Hours spent below zero degrees could approach 1912 record for Duluth
The city's record is 264 consecutive hours below zero degrees, ending on Jan. 12, 1912.
A veritable heat wave on Tuesday, surging the thermometer up to zero or maybe even a degree above, might be the only thing standing in the way of an epic cold streak for the Northland.
Temperatures in Duluth dropped below zero at about 9 p.m. Friday and are forecast by the National Weather Service to stay mostly below zero into Saturday, with a high of 1 degree above zero forecast for that afternoon.
That could potentially put this below-zero stretch approaching 200 hours and on par or surpassing the modern-era standard for cold, 1996, when Duluth saw 164 consecutive hours below zero over eight days from Jan. 29 through Feb. 5. That stretch included one of the coldest readings ever in Duluth, 39 below zero, on Feb. 2. (Duluth’s high temperature that day was 21 degrees below zero, the coldest high temperature on record.)
But even 1996 pales compared to 1912, when the still-standing record was set with Duluth going 11 days below zero, some 264 hours, ending on Jan. 12, 1912.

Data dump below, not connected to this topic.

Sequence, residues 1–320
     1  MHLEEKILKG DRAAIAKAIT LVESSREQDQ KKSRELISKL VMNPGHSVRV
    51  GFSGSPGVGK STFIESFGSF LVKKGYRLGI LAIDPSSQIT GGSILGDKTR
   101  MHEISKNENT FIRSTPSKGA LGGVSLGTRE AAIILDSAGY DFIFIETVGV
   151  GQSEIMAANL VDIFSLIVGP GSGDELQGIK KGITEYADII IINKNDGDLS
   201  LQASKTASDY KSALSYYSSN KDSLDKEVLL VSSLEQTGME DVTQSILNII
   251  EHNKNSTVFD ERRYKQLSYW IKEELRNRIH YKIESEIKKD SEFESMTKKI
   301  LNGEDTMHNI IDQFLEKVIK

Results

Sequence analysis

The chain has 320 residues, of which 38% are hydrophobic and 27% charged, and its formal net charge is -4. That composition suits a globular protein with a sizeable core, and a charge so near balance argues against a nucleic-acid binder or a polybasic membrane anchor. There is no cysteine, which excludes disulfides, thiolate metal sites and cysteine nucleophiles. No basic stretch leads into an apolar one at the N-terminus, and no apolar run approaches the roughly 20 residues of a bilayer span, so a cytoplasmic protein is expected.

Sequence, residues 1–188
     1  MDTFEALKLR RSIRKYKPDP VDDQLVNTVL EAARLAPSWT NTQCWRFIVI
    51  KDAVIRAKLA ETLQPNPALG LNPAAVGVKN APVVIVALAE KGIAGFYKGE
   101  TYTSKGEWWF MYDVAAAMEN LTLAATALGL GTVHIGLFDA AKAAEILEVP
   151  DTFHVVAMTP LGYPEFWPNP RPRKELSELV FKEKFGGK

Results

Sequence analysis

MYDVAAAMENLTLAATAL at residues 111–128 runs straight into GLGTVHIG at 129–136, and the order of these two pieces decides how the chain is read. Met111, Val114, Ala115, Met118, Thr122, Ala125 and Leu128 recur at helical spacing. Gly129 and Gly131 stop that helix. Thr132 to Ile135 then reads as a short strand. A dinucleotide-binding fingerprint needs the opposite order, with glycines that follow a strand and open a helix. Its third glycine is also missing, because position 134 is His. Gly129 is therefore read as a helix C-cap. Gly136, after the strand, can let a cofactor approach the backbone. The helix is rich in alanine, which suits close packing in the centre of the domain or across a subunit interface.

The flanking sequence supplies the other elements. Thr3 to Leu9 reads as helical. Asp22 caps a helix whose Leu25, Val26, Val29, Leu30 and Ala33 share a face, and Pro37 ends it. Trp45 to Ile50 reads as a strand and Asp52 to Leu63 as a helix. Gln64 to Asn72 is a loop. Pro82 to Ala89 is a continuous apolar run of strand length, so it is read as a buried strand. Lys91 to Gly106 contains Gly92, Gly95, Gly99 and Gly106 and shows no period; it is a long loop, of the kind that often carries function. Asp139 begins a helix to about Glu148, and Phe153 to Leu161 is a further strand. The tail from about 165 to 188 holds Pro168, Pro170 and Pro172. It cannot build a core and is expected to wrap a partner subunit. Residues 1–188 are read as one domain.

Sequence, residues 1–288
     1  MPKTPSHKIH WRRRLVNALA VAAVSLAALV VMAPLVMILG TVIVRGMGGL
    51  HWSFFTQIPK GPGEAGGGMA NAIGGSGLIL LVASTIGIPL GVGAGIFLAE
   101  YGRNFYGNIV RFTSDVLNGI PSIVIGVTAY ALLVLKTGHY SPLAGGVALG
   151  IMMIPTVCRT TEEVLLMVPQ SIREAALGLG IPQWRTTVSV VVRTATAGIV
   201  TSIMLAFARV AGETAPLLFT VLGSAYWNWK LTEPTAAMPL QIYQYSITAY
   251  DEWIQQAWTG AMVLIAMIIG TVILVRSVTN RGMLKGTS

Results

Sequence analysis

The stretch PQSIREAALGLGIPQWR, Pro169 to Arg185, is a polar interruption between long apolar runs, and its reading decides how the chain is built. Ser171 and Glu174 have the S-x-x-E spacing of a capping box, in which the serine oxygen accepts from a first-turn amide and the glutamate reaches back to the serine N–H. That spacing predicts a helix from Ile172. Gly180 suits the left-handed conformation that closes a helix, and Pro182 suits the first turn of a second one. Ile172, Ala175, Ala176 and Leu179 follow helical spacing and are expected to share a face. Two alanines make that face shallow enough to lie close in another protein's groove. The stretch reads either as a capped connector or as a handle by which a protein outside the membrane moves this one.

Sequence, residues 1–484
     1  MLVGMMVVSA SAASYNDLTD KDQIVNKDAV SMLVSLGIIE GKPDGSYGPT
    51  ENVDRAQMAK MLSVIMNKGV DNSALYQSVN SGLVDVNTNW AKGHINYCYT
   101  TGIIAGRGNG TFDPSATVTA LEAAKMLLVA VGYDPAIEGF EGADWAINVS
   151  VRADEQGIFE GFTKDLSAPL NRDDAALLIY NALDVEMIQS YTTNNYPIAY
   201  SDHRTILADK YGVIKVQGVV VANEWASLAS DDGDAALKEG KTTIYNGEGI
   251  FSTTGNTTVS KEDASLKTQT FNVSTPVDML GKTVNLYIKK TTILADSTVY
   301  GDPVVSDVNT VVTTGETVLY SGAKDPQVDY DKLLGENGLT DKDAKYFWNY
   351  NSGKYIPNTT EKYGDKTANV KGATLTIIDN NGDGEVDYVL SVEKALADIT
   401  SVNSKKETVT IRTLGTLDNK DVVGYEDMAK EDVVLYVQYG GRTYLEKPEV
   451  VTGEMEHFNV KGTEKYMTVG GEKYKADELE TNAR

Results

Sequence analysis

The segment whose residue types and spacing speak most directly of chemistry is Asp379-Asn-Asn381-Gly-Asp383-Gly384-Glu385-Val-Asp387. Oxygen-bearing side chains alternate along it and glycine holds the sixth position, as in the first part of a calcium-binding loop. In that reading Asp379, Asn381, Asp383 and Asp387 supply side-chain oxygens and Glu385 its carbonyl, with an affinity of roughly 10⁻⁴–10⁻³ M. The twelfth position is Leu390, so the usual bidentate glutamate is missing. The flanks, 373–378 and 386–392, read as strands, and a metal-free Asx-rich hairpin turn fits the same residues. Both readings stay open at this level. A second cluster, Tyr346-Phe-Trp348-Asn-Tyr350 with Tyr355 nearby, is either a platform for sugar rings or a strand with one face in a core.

This time we’d have to stay below zero until late Feb. 16 to break the record.
The coldest temperature recorded in Duluth was 41 degrees below zero, on Jan. 2, 1885.
Temperatures Monday morning included 36 degrees below zero in International Falls; 33 below in Hibbing; 29 below in Ely; 27 below near Grand Marais; 25 below in Hayward; 23 below at Duluth; and 19 below in Superior.
The bitterly cold temperatures will continue through the week, the Weather Service said, with wind chill values as cold as 50 degrees below Monday morning and only slight improvement going into the afternoon. Skies will be mostly sunny, though a few light lake-effect snow showers will be possible along the Bayfield Peninsula. Frostbite can occur in as little as 10 minutes at these temperatures.